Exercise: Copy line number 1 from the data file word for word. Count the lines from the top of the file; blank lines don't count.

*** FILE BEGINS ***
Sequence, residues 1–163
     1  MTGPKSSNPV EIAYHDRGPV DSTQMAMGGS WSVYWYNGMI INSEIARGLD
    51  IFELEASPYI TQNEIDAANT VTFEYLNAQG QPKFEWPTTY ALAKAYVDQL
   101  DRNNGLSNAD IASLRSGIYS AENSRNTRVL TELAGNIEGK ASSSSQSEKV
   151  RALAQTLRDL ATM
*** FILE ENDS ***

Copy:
Sequence, residues 1–163